What are you working on now?

I’m working on a middle-grade novel called The Grantham School for the Criminal Arts. It is about an eleven-year-old boy who gets himself thrown into an asylum full of criminal masterminds. Why? What better place to get the education he needs to bring down his evil uncle who stole the family empire. It has a quirky English narrative voice that has been so fun to experiment with.

When and where do you write?

I have a basement office (my little dungeon) that is quiet and cool and separate from the rest of my life. As a work-from-home dad, my main writing time comes when my youngest naps. So I get a 2 hour time window in the early afternoon to do my freelance magazine writing. My best novel writing comes late at night from 9pm onwards.

What do you do when you get writer’s block?

I don’t typically encounter a situation where I don’t have something from my file of ideas to pull out and write on. It is more often getting back into the flow of where I left off from the last day of writing. I like to back up 2-5 pages depending on how long it’s been since I last wrote and read/edit critically. It helps me put myself back into that scene. I’ve had good luck jumpstarting myself this way.

Do you prefer to write on the computer or free hand and how do you edit?

Absolutely on the computer. I’ll jot ideas on sticky notes and collect them for my next time at the computer, but when the words start coming, it is too fast to try getting them down free hand. I’m too worried about losing the flow of ideas.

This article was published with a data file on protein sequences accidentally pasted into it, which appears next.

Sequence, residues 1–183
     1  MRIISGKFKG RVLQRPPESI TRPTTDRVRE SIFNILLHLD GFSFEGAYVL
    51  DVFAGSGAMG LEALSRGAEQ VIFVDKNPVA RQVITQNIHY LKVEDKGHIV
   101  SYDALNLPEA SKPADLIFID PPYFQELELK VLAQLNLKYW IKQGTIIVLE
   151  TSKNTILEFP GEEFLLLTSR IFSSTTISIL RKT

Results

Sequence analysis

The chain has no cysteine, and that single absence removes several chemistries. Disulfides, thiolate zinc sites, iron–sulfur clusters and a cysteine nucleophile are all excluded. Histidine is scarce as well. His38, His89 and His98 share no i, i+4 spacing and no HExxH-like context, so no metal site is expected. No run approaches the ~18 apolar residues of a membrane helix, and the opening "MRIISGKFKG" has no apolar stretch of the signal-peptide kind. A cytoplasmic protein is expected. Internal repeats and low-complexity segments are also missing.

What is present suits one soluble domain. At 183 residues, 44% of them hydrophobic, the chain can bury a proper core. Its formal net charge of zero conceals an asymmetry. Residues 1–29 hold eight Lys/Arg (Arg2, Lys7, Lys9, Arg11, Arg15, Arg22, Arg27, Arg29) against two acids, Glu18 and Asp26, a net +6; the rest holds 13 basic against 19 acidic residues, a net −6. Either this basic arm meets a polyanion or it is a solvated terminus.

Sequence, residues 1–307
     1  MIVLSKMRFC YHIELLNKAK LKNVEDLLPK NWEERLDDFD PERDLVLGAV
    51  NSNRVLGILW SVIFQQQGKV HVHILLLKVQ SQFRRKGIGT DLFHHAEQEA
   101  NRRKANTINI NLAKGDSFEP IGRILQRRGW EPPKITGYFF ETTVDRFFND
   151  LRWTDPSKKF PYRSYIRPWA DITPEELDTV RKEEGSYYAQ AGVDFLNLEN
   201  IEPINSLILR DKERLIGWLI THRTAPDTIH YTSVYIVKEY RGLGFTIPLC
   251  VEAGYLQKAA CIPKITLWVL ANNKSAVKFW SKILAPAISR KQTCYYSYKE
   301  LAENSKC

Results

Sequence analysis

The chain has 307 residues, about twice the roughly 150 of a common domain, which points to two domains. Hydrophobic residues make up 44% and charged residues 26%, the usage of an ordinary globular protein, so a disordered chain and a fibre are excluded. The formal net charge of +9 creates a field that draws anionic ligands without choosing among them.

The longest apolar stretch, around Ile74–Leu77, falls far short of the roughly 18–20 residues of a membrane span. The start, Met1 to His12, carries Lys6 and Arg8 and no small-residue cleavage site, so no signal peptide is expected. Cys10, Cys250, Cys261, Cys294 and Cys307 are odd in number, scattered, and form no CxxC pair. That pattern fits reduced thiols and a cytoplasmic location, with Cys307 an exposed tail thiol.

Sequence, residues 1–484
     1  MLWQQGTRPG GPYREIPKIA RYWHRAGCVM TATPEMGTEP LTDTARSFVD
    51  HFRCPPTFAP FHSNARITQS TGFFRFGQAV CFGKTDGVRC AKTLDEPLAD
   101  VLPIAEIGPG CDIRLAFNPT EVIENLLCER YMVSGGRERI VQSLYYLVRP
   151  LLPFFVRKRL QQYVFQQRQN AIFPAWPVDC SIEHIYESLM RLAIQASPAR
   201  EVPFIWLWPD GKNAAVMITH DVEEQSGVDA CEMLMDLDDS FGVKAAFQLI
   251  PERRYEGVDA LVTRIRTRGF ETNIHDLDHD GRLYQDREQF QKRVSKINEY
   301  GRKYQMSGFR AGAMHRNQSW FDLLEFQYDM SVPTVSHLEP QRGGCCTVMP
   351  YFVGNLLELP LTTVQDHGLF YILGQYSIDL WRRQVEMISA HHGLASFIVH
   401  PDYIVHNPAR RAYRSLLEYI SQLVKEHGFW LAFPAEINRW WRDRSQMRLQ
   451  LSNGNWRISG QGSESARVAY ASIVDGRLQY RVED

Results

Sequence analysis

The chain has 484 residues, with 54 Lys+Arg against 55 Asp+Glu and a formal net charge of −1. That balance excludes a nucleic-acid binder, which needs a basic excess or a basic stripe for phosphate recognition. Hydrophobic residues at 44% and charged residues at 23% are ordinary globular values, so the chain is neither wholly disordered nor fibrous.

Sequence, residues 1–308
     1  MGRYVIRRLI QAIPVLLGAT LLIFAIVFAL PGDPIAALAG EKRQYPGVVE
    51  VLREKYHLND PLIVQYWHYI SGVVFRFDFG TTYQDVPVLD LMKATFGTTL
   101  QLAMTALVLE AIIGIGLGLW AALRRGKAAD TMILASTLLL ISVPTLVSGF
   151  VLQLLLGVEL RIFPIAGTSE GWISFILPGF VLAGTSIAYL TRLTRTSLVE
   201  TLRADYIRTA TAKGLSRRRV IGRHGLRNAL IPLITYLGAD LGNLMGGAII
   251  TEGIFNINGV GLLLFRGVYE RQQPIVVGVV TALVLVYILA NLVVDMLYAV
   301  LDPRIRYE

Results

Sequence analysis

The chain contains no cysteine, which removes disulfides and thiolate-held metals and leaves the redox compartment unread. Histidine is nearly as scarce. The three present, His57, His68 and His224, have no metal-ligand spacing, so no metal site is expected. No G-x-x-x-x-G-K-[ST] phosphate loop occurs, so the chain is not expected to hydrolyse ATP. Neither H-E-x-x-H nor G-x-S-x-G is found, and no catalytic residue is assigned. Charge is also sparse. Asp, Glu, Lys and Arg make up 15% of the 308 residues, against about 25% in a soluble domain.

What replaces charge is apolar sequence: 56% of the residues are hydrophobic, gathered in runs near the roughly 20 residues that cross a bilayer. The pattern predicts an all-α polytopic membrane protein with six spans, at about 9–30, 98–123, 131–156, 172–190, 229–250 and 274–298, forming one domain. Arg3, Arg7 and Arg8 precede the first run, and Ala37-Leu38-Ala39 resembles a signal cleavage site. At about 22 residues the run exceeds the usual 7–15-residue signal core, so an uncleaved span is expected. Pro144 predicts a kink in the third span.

What are three of your favorite books?

A Year Down Yonder by Richard Peck

The Hobbit by J.R.R. Tolkein

Catch-22 by Joseph Heller

Any suggestions for writers?

My motto is ‘Pay yourself first’.  There is always email or something else begging for your attention, and it always leads to putting your own writing on the back-burner.  If you let that happen, inevitably it never gets done.

 

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Dreaded Drawers: filing away unpublished work

August 9, 2011

When I tell participants in my writing workshop I’ve written five books that have never been published, they’re often aghast. I can only guess what’s going on in their minds. “Why am I taking a class from this loser?”  “What’s wrong with her writing?” “I’d be better off walking my dog right now.” Who knows, maybe they would be. However, many published authors I know all wrote books that were never published. It’s part of the process.

We write because that’s what writers do. If a book isn’t picked up by an agent or an editor, it’s filed away in a drawer or on a shelf. No one wants to have a dreaded drawer full of rejects, but it’s how we learn and become better writers. Kids don’t learn to read by picking up War and Peace. They begin with Dr. Seuss, Dick and Jane (I realize I’m dating myself), and beginning readers. As kids grow, their bookshelves are lined with chapter books, middle grade novels, and finally young adult trysts. Why should it be different for writers?

Authors write bad novels. We write picture books that we’re sure every agent will love because our kids thought they were great. It’s only until writers begin to fill their dreaded drawer with sappy stories, rejections, and undone novels that their journey begins. And isn’t that what it’s really about? A writer’s life is a journey. Don’t be afraid of filing your story in the dreaded drawer. It may resurface, but if not, you’ve undoubtedly learned something. Kudos.